And it’s my opinion that it’s not until life teaches you that lesson (and you accept it as such, instead of becoming bitter or running away), that you can truly grow up. Which is why some children have a wisdom beyond their years, and some adults can behave like sulky discontented brats.

This year, I grew up. Some days I hardly recognise myself, and it’s an uncomfortable feeling, like have a new skin that is a little too tight and itchy. But at the same time, I have a safe feeling, a reassurance that whatever life throws at me, I can handle it. I can still find happiness, and quietness, and comfort, somewhere in the middle of the worst situation. That’s a good way to feel, my friends.

September 10th, 2007

Last week was not a very good week for me, health-wise, with headaches, and heartaches, and hormones aplenty. So by Friday night I was feeling a little stir crazy and in need of a change of scene. We had planned to go away for the weekend, up to the Food Festival in Ludlow, but at the last minute changed our plans because I didn’t feel up to it. Instead, we took little nibbles of outings, half an hour at an auction viewing, then a meal at a pub on Friday night, and a trip to the city for a few hours on Saturday.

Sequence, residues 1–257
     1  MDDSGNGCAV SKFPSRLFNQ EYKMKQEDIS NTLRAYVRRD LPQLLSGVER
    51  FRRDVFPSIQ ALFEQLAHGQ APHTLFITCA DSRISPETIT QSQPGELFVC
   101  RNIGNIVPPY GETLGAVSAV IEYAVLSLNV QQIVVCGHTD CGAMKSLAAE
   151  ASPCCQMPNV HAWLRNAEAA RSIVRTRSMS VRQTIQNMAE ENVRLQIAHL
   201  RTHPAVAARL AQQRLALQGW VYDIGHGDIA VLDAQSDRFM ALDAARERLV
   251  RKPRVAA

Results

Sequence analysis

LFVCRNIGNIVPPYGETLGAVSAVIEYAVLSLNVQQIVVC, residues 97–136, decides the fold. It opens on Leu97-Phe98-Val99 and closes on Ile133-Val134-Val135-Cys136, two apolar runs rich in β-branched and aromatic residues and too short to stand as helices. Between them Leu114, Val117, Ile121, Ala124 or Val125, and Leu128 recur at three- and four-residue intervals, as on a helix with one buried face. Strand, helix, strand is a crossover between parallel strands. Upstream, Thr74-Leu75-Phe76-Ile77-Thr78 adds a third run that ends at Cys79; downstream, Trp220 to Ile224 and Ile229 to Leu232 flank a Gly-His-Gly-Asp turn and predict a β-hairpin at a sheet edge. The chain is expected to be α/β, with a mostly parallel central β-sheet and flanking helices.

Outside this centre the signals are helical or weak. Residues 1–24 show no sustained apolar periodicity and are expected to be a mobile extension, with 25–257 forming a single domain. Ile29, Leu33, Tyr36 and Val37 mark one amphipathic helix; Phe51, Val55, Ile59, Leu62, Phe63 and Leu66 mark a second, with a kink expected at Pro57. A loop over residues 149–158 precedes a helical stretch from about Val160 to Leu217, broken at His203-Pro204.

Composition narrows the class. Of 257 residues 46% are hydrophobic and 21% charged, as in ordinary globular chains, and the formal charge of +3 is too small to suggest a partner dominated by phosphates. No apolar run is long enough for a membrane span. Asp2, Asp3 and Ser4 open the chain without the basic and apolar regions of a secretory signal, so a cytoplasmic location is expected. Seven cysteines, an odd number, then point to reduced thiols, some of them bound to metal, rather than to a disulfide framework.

This gave me the perfect opportunity to practise something I’ve been wanting (and fearing at the same time) to try: drawing in public. Some people enjoy sketching scenery, others buildings, other animals. But I love drawing people. I’m about as far from a people person as you can imagine – edging towards the reclusive, even – but at the same time, people fascinate me. At a distance. So, knees all a-quiver, I took my sketchbook and pen, and did my first drawing in public. And you know what? No one pointed, no one asked questions, no one threw anything at me. And as self conscious as I felt (and we’re talking neon-arrow-above-the-head type of self conscious), as soon as pen touched paper, I felt invisible.